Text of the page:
During Module 5 of Squared Online we ask participants to complete a whitepaper on how future digital trends will impact a specific industry. The top 3 whitepapers are shared on this blog as a celebration of all their hard efforts!
Congratulations to team 15 for this stellar piece of work on "How The Internet of (Everyday) Things Can Strengthen Connectivity With FMCG Customers". Team members include: Alissa Sklar, Anna Robinson, Bianca Searle, Holly Jobbins, Israel Garcilazo, Jennifer Tomlin and Ross Sheil.
The Internet of Things (IoT) has the potential to transform the fast moving consumer goods (FMCG) sector by leveraging physical products to provide next level engagement with customers. Here, we consider the opportunities, and challenges, facing FMCG brands in leveraging ‘everyday’ products as connecting (rather than merely connected) channels.
The term the IoT was coined in 19991 and refers to the connection of devices to the internet or to each other, including anything from telephones to coffee machines, wearable devices to fridges2. Today, there are around 14 billion objects connected to the internet and analysts estimate that the number of connected devices could reach up to 100 billion by 20203. Forbes predicts that in the future “anything that can be connected, will be connected” ; addressing this opportunity, this paper considers how FMCG brands can capitalise on this trend today.
FMCG accounts for around half of consumer spending. However, a major challenge for FMCG brands in creating personalised digital experiences that extend the customer journey post-purchase. Overall, FMCG sales fell in 2016 but online sales grew5, demonstrating how brands that have embraced a digital approach are thriving6.
The IoT doesn’t have to be limited to connected devices. This trend challenges us to imagine new and creative ways to transform ‘everyday’ consumer goods like snacks, beverages, toiletries and cleaning products into valuable customer touchpoints. The Internet of Everyday Things uses the physical product as a connector to extend the customer journey. With purchase redemption, a QR code on packaging or under-the-cap code customers can enter onto a mobile web platform – to provide opt-in data to brands in return for rewards that drive long-term loyalty.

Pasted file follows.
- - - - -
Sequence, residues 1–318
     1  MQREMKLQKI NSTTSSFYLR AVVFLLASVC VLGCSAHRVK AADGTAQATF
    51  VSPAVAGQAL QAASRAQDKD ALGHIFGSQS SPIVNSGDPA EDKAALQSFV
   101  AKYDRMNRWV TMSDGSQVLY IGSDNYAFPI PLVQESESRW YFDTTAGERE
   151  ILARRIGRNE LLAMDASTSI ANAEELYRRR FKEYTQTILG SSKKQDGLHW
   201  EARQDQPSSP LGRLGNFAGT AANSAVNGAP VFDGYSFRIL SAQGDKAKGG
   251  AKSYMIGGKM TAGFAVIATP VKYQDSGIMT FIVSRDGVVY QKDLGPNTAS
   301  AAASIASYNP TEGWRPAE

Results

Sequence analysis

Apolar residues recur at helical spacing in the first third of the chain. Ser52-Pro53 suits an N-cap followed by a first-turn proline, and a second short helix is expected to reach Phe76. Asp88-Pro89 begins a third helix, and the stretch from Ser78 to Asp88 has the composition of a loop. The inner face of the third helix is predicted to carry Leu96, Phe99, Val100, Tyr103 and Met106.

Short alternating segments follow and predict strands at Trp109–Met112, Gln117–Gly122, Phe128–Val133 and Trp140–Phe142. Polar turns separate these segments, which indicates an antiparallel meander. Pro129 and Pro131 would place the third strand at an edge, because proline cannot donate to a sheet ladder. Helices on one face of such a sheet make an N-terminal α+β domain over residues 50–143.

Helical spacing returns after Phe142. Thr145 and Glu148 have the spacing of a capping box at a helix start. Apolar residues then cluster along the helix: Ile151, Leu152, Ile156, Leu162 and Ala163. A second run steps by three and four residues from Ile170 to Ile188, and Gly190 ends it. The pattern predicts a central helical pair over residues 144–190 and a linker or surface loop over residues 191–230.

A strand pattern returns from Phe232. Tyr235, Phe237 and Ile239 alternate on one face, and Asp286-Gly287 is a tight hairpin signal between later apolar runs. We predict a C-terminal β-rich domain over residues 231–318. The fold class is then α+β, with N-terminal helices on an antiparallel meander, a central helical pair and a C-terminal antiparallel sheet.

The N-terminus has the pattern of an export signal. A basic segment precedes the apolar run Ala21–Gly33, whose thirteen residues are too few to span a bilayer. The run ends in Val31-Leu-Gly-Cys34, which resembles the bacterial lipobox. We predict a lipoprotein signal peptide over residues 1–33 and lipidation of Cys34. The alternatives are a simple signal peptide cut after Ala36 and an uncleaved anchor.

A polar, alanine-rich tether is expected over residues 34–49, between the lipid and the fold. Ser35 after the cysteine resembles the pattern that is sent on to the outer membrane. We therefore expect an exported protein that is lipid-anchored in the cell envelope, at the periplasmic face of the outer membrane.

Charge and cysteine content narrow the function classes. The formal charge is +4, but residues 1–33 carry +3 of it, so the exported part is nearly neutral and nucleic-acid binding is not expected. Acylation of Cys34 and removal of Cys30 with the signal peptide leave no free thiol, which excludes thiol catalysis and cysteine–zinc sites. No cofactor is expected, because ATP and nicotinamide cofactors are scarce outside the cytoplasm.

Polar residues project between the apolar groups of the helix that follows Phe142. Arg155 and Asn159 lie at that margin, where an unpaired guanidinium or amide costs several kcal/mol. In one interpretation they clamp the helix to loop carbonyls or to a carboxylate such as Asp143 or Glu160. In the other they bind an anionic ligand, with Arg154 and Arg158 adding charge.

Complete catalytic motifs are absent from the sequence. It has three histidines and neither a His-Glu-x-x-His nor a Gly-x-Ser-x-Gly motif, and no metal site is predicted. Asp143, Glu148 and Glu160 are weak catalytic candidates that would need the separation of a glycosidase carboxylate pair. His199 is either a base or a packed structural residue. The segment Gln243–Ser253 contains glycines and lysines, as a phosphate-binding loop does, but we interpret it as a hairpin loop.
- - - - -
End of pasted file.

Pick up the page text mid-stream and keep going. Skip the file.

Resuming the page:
This offers FMCG brands an exciting opportunity to go beyond just connecting with their customers but develop strategies to also gather customer data. These insights into customer behaviour and purchasing patterns help personalise marketing activity, implement cost-effective retargeting, and ultimately, drive sales and loyalty.
For the FMCG sector, the digital revolution is about to get physical.
Industry Innovations in Practice
Forward-thinking FMCG brands have started to experiment with IoT technology to fi nd new ways to connect with customers. The majority of examples cited below are alcohol and cosmetic brands who are thinking about their products not just as a one-off sale, but a loop of improvements, data gathering, and ongoing conversation with their customers.
Malibu’s #BecauseSummer Campaign
- This campaign explored the boundaries of in packaging technology by using contactless payment technology, activated by tapping a phone on the bottle’s logo7.
- Smartphone users could access exclusive content including bar locators, prize draws, and drinks recipes creating a ‘direct digital touchpoint for consumers.’
“This was a great opportunity to take that accepted behaviour and move it on to consumer goods and turning it into an experience.” - Malibu Marketing Manager